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Money & Ethics

Should Casinos Court Senior Citizens?

State gaming commissions, which regulate casinos, have an ethical obligation to crack down on predatory marketing to the elderly. But so far, most don’t seem interested.

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Q. My mother, who lives in a retirement community, is spending a lot of time at a nearby casino, which is aggressively courting her and her friends with all sorts of freebies. She isn’t wealthy, and when I ask about her gambling losses, she won’t say much—but insists that the casino trips are fun for a lonely widow. What can be done about the casino’s targeting of these seniors?

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A. The gambling industry knows that people older than 50 make up almost half of their total visitors, and retirees are able to come to casinos during slack daytime hours, when working adults can’t. Casino owners observe that gambling is legal and that these are consenting adults who seem to enjoy being there. So their marketing to seniors is legal, and that includes free transportation, meals, rooms and VIP hosts who welcome them warmly and encourage them to play more.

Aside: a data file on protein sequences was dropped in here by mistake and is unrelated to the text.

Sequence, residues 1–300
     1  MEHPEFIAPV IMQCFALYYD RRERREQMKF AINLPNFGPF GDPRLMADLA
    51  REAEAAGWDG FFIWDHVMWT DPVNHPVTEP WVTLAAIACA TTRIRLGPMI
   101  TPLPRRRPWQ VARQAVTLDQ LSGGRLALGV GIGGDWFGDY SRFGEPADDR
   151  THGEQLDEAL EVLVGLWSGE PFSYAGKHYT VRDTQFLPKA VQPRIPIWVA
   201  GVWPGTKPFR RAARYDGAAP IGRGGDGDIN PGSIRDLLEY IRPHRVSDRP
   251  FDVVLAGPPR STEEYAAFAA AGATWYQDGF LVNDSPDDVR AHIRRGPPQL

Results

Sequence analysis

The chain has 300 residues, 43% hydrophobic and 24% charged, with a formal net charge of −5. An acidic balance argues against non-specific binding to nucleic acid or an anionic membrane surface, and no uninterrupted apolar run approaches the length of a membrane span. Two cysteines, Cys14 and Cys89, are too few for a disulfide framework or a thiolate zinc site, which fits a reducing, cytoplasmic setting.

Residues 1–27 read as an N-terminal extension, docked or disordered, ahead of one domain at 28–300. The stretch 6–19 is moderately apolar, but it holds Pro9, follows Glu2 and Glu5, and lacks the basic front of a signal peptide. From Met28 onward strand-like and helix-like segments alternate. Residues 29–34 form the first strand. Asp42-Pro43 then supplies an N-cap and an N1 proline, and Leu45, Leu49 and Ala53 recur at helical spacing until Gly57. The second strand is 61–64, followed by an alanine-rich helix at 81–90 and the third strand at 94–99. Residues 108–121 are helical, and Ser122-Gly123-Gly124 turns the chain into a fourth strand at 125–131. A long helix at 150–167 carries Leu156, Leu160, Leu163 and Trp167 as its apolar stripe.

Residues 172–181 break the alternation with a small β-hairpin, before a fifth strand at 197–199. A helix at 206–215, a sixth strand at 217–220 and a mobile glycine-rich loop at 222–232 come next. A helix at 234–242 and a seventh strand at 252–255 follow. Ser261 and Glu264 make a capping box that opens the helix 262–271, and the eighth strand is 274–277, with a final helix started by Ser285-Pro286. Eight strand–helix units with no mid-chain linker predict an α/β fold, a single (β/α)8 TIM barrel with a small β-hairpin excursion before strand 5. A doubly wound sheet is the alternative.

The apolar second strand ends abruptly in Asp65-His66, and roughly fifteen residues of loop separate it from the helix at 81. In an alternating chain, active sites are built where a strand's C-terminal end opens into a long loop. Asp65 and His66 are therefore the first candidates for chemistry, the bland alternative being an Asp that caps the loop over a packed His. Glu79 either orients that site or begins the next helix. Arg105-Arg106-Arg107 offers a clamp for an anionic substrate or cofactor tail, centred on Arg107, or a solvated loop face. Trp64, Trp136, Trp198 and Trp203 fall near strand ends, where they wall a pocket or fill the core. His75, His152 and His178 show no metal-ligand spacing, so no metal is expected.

But is it ethical? No. Many seniors, like gamblers of all ages, can’t afford their losses and hide them from family members. And medical research has shown that cognitive changes common in the aging brain—and also some medicines taken by the elderly—make them vulnerable to the stimuli of electronic slot machines, which are programmed to keep a player involved until his or her money is exhausted (see “The Casino Trap” at AARP.org).

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State gaming commissions, which regulate casinos, have an ethical obligation to crack down on predatory marketing to the elderly. But so far, most don’t seem interested. Regulators should prohibit casinos from offering free senior shuttles; if they don’t, then operators of private retirement homes and public senior-citizen social centers should stop allowing the shuttles to pick up seniors at those locations.

Investment advisers have a legal obligation to determine the financial means and experience of every new customer and to be on the lookout for inappropriate trading behavior. Casinos should have a similar “duty of care” obligation toward their customers, establishing gambling limits in advance and/or spotting and barring compulsive gamblers.